Hutch’s review published on Letterboxd:
It’s an unusually beautiful summer’s day here in Wellington, and perversely I’ve steeled myself to stay in and finally watch Chantal Akerman’s classic of feminist cinema, Jeanne Dielman, 23, Quai du Commerce 1080 Bruxelles. Am I resentful? Not at all. After all the film is long but the day is longer, and the film is much more likely than the day to stay in my mind for ever.
But it is a hard watch. The film tells the story of Jeanne (Delphine Seyrig) over the course of three days, mostly spent inside her humble apartment, which she shares with her teenage son. Much of the film is silently observational, following Jeanne as she carries out her domestic routines. These unsurprisingly cover the everyday tasks of dressing, preparing food, cleaning, shopping, reading, knitting, and so on. I say unsurprisingly, but these are the things that are often not seen in films, at least not with the level of patient focus that Akerman affords them. I must confess I struggled to pay attention during some of these, particularly by the second day, which closely reflected the slow routines of the first.
One time, while my mind was drifting, I thought of the wider avant-grade movement of the seventies and eighties and in particular Morton Feldman’s extended compositions. Feldman’s pieces were notable for their extended duration (sometimes well over three hours), their intimate minimalism, and their gentle dissonances. In other words, quite similar to Jeanne Dielman. Feldman’s music works by demanding your close attention to the subtle harmonics and repeating patterns, and to their gradual, tiny variations. The tension is gained from the narrow focus they demand, and from the surprises when you realise something has changed. Again, this is quite similar to Akerman’s film. I’d say that both Feldman’s music and Akerman’s film are an acquired taste. They are demanding in that they are boring, but within their still waters, there are extraordinary depths.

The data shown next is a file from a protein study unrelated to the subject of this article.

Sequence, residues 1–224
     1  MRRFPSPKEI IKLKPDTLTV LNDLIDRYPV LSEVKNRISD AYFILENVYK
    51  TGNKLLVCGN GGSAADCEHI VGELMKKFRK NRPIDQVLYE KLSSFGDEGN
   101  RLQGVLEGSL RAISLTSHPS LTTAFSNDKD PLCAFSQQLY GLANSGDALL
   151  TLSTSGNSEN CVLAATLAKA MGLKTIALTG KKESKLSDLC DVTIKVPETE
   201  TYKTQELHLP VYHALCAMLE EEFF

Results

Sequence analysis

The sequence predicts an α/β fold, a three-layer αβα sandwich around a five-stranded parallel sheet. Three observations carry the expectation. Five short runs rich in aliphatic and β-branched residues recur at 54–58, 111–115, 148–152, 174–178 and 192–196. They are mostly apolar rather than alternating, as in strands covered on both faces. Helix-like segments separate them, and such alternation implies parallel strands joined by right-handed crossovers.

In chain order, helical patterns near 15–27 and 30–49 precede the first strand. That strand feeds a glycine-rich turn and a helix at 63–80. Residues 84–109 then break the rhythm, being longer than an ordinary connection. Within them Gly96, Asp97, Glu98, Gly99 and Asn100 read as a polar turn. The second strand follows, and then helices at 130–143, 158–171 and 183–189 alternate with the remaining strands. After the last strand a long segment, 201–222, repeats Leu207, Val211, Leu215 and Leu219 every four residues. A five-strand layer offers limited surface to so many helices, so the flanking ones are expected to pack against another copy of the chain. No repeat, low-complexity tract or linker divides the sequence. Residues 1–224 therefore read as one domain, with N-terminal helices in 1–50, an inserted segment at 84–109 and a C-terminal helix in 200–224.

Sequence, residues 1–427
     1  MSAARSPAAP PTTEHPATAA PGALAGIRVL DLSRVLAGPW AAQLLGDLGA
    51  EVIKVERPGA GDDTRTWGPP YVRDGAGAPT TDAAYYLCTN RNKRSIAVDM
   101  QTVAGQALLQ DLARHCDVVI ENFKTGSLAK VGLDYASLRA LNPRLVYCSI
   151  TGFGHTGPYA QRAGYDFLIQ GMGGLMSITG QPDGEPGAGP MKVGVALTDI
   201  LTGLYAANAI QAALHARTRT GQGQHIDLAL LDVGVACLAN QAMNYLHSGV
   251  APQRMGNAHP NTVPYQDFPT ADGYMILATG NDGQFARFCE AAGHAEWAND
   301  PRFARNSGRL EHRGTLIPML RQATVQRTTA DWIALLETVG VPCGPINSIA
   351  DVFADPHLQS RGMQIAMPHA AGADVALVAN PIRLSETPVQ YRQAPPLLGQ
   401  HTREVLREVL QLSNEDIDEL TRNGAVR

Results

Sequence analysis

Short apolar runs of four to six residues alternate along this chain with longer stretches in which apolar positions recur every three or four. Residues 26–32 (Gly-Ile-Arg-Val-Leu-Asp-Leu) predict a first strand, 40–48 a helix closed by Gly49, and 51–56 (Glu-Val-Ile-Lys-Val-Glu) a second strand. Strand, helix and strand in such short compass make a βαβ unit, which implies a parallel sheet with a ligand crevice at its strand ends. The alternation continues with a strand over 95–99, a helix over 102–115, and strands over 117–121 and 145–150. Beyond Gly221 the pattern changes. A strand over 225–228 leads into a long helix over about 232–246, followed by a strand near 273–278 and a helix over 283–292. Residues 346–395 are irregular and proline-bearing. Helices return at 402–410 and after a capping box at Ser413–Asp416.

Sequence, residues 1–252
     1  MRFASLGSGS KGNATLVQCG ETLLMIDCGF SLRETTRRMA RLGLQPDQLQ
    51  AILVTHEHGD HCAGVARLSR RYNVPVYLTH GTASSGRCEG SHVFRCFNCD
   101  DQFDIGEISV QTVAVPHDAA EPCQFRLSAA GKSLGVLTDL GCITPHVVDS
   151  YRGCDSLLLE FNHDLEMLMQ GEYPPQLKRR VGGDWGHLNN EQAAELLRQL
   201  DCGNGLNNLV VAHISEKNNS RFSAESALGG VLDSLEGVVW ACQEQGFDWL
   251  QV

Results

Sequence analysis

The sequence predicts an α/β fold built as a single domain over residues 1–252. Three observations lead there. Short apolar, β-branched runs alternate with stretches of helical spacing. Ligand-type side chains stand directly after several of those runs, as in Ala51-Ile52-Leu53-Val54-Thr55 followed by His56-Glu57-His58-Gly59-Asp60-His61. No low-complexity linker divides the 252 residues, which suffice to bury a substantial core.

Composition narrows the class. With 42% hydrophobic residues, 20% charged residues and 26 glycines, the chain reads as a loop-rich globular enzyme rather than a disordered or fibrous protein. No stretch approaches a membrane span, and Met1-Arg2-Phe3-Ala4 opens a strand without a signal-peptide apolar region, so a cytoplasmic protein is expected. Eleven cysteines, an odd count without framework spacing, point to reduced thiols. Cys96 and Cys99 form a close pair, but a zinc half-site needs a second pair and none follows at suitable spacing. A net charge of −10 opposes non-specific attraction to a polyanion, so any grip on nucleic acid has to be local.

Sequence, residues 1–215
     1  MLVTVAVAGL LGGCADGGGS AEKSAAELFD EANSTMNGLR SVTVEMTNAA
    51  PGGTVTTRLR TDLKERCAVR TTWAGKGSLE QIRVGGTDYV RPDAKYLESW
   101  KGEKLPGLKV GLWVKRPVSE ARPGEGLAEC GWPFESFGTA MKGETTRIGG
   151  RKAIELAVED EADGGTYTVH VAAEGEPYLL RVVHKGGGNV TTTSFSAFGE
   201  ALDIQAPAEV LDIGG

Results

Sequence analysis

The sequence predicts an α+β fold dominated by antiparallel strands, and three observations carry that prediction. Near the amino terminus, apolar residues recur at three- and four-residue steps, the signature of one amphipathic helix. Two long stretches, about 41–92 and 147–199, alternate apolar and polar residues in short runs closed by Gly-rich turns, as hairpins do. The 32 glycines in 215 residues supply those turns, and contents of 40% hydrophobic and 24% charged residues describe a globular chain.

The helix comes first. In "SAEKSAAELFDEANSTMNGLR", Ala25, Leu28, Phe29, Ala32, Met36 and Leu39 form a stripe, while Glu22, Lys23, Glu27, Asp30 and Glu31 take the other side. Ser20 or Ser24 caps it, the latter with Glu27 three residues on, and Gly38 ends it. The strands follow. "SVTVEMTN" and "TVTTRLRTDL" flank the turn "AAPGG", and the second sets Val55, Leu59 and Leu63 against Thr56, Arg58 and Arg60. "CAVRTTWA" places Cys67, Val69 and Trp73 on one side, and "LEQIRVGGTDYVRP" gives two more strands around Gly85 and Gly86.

By Jeanne’s third day it is clear that things have slightly changed. She still goes about her routine, but some things are not quite right. Her calm control over everything is slightly amiss, and it draws you in. Every tiny act is filled with micro-tensions and a deepening, intangible mystery. Is Jeanne okay? What is Akerman doing? The boredom turns to fascination and it becomes strangely gripping.
There is a lot to think about in this film. The expectations placed on women, in a man’s world, to be both mother and whore. The inexorable passing of time and how we spend it. The role of routine and the need for control and their relationship to anxiety. And these are just the tip of the iceberg. I will need to see the film again to start digesting them more fully. But for now, I’m just happy to have finally acquainted myself with Akerman’s film. My experience of watching its hyper-extended austerity is one that will stay and grow with me long after the sun has set on this glorious summer’s day.